Having your ideal outcome in mind and developing as many options as possible will allow you to be flexible, because having a fixed/rigid negotiation position might create a confrontational situation with your negotiation partner and it could bring the process to a halt.
An example here would be, if you negotiate a contract as a seller and the buyer is asking for a price reduction and there is no other way than to grant it, than you could trade it off for a reduction in payment terms, which would translate to a cash flow improvement for you. Think about it, what would be another option if you have to reduce the price? A blanket order perhaps, or a higher minimum order quantity? The removal of an extra feature or service that wasn’t of value for the buyer anyway?
As you can see, developing multiple options during your preparation process, not only it will allow you to have some aces up your sleeve, but your negotiation partner will also perceive you as forthcoming, which will result in strengthening your business relationship with them.
Best is to look at your outcome as an overall result, as opposed to have one single measurement for your negotiation success (for example the price). This is how you will find more than one way to achieve it.
- Determine your Best Alternative to a Negotiated Agreement (BATNA)
As much as it is important to determine your ideal outcome, you will also need to define your lowest point in the negotiation process. If you are in a crowded market place, or for some reason not in a power position within your negotiation (such as a strong buyer market), you may find yourself far from your ideal outcome. This is where it is crucial to determine in advance at which point you should walk away from the negotiation, rather than agree to conditions that will make you lose.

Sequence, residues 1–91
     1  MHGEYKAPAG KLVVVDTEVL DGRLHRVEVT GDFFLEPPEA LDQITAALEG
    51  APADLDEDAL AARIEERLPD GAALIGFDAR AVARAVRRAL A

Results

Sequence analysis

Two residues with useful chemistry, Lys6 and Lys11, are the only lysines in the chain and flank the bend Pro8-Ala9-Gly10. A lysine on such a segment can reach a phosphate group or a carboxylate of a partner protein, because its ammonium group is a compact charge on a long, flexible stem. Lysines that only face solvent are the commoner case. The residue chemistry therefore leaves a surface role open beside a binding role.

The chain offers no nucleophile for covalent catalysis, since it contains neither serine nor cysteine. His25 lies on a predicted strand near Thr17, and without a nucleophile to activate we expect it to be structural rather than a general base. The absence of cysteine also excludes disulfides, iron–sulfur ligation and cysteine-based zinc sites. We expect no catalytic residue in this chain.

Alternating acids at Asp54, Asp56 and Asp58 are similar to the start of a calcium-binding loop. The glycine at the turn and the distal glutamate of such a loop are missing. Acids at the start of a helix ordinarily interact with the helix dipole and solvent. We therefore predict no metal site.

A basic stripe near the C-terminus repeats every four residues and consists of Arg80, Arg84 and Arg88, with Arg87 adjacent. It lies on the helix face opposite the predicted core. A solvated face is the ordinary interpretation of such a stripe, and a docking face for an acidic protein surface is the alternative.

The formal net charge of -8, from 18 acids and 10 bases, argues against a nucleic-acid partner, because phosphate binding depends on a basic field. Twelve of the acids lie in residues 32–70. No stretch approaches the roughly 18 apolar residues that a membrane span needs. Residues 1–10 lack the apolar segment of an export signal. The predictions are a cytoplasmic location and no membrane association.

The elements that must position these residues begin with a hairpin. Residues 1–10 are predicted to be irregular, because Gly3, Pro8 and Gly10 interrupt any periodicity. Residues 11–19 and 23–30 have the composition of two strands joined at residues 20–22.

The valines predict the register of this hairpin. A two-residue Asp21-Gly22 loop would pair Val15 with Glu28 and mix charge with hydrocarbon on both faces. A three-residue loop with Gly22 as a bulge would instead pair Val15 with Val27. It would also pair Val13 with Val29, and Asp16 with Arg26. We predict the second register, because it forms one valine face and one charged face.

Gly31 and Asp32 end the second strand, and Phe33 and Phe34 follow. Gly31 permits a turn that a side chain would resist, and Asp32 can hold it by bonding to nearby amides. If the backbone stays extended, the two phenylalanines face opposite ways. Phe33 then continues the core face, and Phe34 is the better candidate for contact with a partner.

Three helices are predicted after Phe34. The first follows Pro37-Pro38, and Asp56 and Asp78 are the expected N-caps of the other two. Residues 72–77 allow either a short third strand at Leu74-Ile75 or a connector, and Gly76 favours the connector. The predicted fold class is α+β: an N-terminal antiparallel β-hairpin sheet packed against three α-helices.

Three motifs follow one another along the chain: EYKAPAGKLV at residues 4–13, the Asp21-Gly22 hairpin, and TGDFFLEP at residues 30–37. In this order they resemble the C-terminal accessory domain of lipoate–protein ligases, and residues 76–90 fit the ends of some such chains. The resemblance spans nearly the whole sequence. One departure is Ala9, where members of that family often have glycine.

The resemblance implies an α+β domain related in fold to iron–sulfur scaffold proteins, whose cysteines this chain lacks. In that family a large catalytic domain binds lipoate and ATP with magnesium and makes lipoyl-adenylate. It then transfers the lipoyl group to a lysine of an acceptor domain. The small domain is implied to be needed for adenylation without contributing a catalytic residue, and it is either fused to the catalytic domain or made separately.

To illustrate this, let’s follow up from the previous example. If your buyer is already paying in advance and is ready to place a 12 month blanket order, but the price is below your break-even point. Would you still sign the contract if you would actually lose money by honouring it? Most probably not.
Therefore it is very important to be clear during your preparation as to what is the point where you would refuse an agreement, also known as Best Alternative to a Negotiated Agreement (BATNA).
So what would be a better alternative to this agreement? Another customer who values your product, service or idea more than this one? At a deeper thought level – perhaps this process is prompting you to strengthen your competitive edge, which will improve your market position.
Or perhaps you didn’t find the true desire out of your negotiating partner yet, by which, if fulfilled, cost won’t be an issue any more? More on this point in my next article.
To your negotiation success!
Business & Executive Coach, Director of Elite Success Strategies and published author. Using her extensive international experience and strong background in Sales and Foreign Trade, Corina founded Elite Success Strategies, which focuses on helping business owners and leaders to create thriving and profitable organisations, for which employees love working.
A major part of Corina’s work is to develop Executives by preparing them to achieve and, most importantly, to sustain high performance.
In addition to Leadership, Corina developed a Negotiation program, in which she trains business owners and leaders to become skillful negotiators.
Today Corina lives in Melbourne, Australia, from where she conducts her business internationally.
You can contact Corina by visiting http://elitesuccessstrategies.com.au/contact-us/